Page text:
His music hits hard , like a sledgehammer to the dome—moshpits formed at the Electric Factory stop on his recent Mothership Tour. And his stage-production’s unlike anything anyone’s ever seen. Using a body motion suit, sensors pick up his frenzied moves from behind the DJ booth and are then visualized through a towering, 20-foot-tall DJ projected on a huge video screen behind him. It’s as if he’s a god-like monster/alien/robot leading the most epic party in the history of mankind, except the party’s on a planet nobody’s ever been to before. Call it Planet Skrillex.
He’s definitely introduced a stadium-rock mentality to dubstep, but the dude’s onto something. People needed something new that was big, loud, fast and mean, and Skrillex has provided it. He’s captured the hearts and minds of an undeniably large segment of young concert-goers, and the consequence is a major alteration of the fundamental principles of dubstep music. His version doesn’t have a “relationship to the real,” as Reynolds argues London’s early music did, but has more of a relationship to the unreal , and to the maximalist spectacle , and to the aggressive desires of mainstream audiences .
“A few hundred people might be bitching on a message board,” Skrillex says in a recent interview with Rolling Stone about purists and naysayers who accuse him of destroying the original version of dubstep. “But you can go to a festival and find 100,000 people dancing to my music. No one gives a fuck.”
One of the sets at this year’s fourth annual Mad Decent Block Party was Luvstep, the DJ team of Philadelphians Flufftronix and Dirty South Joe. Like the new breed, their production deviates from the sacred dubstep mold, but in a much mellower, smoother, chillwave and indie-inspired way. Flufftronix, a Philadelphia resident since 2008, has also hosted events in Philly under the Rad Summer banner, bringing many big artists from the London scene (e.g., Benga, Joker and Ikonika) for their first local appearances. His monthly event, PHLTH, features local artists throwing down sets packed with everything from dubstep and grime to hip-hop and electro-house.
These dubstep deviations and variations, like Starkey and Dev79’s Street Bass, are typical in Philly’s scene, one that’s not easily defined.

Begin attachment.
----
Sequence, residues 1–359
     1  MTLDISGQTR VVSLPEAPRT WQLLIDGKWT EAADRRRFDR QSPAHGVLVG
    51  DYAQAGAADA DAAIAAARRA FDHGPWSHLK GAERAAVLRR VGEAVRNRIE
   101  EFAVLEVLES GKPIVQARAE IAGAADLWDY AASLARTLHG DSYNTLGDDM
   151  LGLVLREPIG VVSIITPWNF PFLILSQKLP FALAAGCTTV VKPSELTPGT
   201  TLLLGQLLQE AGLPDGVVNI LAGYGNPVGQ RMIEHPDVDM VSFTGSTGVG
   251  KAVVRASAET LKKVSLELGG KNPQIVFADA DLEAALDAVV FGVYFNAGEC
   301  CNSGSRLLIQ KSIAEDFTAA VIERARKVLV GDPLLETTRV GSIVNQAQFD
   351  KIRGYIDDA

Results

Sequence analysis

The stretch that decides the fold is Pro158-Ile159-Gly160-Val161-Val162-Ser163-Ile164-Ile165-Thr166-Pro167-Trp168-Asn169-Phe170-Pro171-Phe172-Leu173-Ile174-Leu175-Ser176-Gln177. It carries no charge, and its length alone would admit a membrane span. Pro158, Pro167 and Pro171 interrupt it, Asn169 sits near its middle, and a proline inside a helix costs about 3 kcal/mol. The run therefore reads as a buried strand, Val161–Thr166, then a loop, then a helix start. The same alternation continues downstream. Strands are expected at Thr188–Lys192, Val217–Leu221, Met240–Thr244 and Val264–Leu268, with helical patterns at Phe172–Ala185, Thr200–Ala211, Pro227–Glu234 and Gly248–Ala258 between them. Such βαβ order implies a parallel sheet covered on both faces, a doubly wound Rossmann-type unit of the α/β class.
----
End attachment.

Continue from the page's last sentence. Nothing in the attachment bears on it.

Last Friday, for instance, in a sweaty warehouse near the York-Dauphin subway stop in Kensington, a couple hundred people cram in for some Street Bass action at a party called Dubmasters II. Hitting the stage around 2 a.m., Dev79 destroys a set of original music and bangers by Seclusiasis artists Kastle and Siyoung. It’s nothing—nothing—like a Skrillex show. It’s classic DIY Philly shit, nothing like the dubstep exploding elsewhere around Philly and the rest of the country.
“You’re gonna get an education at Dubmasters II,” Dev79 says about the somewhat academic survey of the music’s history he sneaks into his live sets. “DJs gotta make the party pop off, but they should also bring some knowledge to the table. Many people now are playing this homogenized, dumbed-down version of dubstep, and it’s not doing anything positive for this scene’s culture.”
“It’s been crazy to see dubstep go so far,” Mimosa says about the music’s recent nationwide popularity. “Nobody expected it would reach the heights it has. The parties are much bigger, and we’re able to bring more people together for a unified experience ... there’s a very special moment that happens where all these lights are going along with the music, everyone is dancing in the same motion, and it all feels like one living, breathing thing.”
The “unified experience” Mimosa speaks of is what the new dubstep scene’s all about, and it’s another critical reason kids are flocking to the raucous parties.
Starkey attended Skillex’s sold-out Electric Factory show, and while his music differs wildly from the current king’s, he knows he bore witness to a special kind of spectacle.